Caught in the gap: why our buildings aren't living up to expectations

What went wrong? The answer is easier than you might think. If you use the right driving technique, that Tesla 208 has no problem reaching 300 kilometres with one battery load. If you found yourself pushing it to its max, accelerating at low speeds and, as some say, dogging it - you won’t be able to reach the targetted efficiency levels. 

Adjusting your driving technique will.

The same goes for our buildings. Assumptions about how a building will be used and occupied may not accurately affect real-life scenarios, leading to the well-known Performance Gap. Most importantly, many buildings lack comprehensive monitoring systems that track energy usage on a day-to-day basis. Without this information, it becomes extremely difficult to see where things go wrong, and where the energy use deviates from the expected performance.

Harnessing data to close the Performance Gap

Collecting the most important data your building offers and analysing it against established benchmarks or standards, such as LEED or WELL Building Standard®, can give us valuable insights into how our buildings perform. This fact-driven approach allows for targeted interventions and improvements where necessary.

When we translate all this data into clear information, discover where energy is wasted and take action to improve, we can bridge the divide between predicted and actual energy consumption - closing the Performance Gap and contributing to a more sustainable future.

We believe in what we do...

...and we think that you should, too. But surely, we wouldn’t ask you to take our word for it. That’s why we’ve created a first set of analytics to give insight into your building or facility’s energy performance. With as little as your utility bills and some basic building information, we can show you how your building performs, where you benchmark, and what you might want to aim for.

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Breathing easy: clean air, happy occupiers

Temperature, humidity and other sensors are important to prevent energy waste. But they're just as important to create a healthy indoor environment.

Once upon a time, researchers at the University of British Columbia and the University of Victoria decided to see what a two-hour exposure to diesel exhaust does to the brain. The result? Temporary decreased functional connectivity in the brain, after exposure to diesel exhaust. On the other end of the spectrum, Finnish technology company Naava wanted to see the effect of plants and green walls in the office space. No less than 43% of the participants made fewer mistakes in the room with green walls, compared to the control room.

The moral of these studies? Don’t let your occupiers breathe diesel exhaust.

But all jokes aside, an unhealthy indoor environment leads to lower productivity, coughs, colds, mental fatigue, headaches, nausea, and so on—issues that companies strive to prevent and avoid. Obviously, the significance of having comfortable, healthy buildings cannot be underestimated.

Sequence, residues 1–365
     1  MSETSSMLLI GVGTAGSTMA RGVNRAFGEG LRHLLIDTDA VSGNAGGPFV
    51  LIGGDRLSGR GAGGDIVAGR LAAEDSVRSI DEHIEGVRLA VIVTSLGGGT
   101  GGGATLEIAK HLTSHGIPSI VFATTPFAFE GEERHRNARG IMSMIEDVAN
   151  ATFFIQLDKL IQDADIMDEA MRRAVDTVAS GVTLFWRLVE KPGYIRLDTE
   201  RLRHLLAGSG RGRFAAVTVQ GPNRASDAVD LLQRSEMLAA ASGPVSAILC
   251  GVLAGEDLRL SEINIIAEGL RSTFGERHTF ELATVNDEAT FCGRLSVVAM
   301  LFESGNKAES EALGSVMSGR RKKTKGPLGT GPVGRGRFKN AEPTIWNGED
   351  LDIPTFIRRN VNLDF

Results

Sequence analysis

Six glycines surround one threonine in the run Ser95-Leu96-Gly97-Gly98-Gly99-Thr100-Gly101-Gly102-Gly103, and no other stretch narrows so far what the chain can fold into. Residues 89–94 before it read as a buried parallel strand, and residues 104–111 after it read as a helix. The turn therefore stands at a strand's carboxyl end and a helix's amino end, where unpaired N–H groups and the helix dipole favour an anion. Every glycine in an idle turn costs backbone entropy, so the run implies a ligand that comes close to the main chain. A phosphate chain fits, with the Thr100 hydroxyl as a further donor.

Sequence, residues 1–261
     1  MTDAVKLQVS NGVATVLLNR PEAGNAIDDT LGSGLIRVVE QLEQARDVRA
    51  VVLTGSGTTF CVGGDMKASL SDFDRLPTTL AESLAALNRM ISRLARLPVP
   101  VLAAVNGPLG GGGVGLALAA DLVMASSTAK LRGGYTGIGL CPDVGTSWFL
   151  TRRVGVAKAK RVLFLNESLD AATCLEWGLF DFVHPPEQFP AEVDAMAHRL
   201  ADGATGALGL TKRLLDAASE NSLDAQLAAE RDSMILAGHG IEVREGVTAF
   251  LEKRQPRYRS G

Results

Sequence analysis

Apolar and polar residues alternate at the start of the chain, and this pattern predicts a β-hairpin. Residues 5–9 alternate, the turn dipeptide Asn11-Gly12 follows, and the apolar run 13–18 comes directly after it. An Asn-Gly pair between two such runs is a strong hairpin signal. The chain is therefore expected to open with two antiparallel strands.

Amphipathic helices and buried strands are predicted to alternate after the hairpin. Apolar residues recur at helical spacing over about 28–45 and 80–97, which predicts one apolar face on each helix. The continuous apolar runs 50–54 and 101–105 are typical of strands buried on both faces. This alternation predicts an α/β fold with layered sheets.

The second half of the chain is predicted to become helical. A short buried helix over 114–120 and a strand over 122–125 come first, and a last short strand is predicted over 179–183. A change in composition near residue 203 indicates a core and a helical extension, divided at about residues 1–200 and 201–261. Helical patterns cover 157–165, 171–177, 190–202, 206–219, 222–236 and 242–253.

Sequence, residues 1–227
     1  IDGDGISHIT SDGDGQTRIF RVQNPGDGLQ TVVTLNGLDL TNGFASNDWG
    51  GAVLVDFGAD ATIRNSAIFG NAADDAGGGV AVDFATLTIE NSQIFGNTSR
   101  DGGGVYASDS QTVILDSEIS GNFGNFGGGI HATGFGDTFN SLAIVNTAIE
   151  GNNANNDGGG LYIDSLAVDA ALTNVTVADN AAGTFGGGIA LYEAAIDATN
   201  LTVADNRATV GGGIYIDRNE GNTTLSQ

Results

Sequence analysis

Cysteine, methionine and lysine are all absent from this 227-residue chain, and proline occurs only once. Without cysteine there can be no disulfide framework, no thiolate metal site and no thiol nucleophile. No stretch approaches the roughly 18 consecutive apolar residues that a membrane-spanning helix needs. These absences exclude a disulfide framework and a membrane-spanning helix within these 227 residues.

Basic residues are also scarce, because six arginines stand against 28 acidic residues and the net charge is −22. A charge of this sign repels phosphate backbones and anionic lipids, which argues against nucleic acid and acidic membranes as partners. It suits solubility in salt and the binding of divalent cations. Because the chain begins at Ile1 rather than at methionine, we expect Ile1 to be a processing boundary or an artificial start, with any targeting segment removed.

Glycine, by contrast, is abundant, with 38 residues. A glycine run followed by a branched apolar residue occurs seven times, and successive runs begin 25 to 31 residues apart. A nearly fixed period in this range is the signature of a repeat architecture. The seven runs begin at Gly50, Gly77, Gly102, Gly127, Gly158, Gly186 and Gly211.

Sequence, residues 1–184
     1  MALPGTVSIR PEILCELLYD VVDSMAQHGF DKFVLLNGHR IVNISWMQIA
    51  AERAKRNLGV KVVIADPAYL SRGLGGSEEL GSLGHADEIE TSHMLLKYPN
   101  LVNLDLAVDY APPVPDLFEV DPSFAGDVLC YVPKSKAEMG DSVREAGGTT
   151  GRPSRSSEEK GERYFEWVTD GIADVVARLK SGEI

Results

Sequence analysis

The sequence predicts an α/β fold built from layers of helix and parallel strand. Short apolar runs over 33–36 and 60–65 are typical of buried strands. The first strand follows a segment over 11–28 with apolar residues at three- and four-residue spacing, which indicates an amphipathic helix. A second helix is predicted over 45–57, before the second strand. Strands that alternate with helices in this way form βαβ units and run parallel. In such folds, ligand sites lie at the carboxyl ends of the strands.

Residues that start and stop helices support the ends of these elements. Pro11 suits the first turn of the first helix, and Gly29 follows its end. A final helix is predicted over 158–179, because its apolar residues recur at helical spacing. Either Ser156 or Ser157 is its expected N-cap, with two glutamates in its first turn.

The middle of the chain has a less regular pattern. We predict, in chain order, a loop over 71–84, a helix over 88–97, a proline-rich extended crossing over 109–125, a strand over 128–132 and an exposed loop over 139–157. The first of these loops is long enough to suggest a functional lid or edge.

Adapting office spaces for the modern occupier

Just like all humans, occupiers in your office spaces or facilities need high-quality oxygen to breathe, and consistent temperature and humidity levels for comfort and overall performance. You wouldn’t be the first left with empty buildings after the pandemic; ready to get occupiers filling those floors again. And the same goes for many employers who are keen to get their employees back to the office. 

But times have changed - and so have the demands from occupiers.

Offering a healthy work environment asks for more than opening a window to get the air circulating. It's all about how the building functions as a whole. That's where monitoring comes into play.

Squirrel on roller skates: navigating indoor environmental performance

Temperature and air quality play a big role in setting an indoor environment up for success. But they’re also wholly dynamic and as unpredictable as a squirrel on roller skates, thanks to their relationship to outdoor conditions and indoor occupancy levels. This means that continuous monitoring with devices in the space is vital to staying on top of our buildings' indoor environmental performance. 

It doesn’t come as a surprise that The International WELL Building Institute recognises the importance of a healthy indoor environment, and established eight concepts for WELL building certification, one of which is Air Quality. 

But simply meeting ventilation standards is not enough. We must also focus on reducing indoor air pollution and ensuring clean air within our buildings. This is where monitoring plays a crucial role. 

From comfort to sustainability

By keeping a constant eye on the humidity levels, variations from desired temperatures, and any potential malfunctions in our HVAC systems, we can ensure that the equipment in our buildings operates at its very best; and optimally performing equipment means optimal air quality. Even better, this enables us to not only evaluate whether our buildings are delivering a healthy indoor environment, but also to determine if the equipment is running efficiently or wasting energy.

So, not only can we provide a healthy indoor environment, but we can also uncover opportunities to save costs and decrease energy consumption, bringing us one step closer to achieving that net-zero goal.

With the right information, you can make easier, faster and more effective decisions about how energy is being used. Make your first improvements within six months.

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The 3 R’s of energy waste: Reduce, Recycle, Report

Recycling is part of our lives from the moment we’re born. Plastic goes into one bin, while green waste goes into another. Old clothes are donated, and shopping bags are reused. Though we might not have been consciously raised with the 3Rs of waste management—Reduce, Recycle, and Reuse—we apply them daily.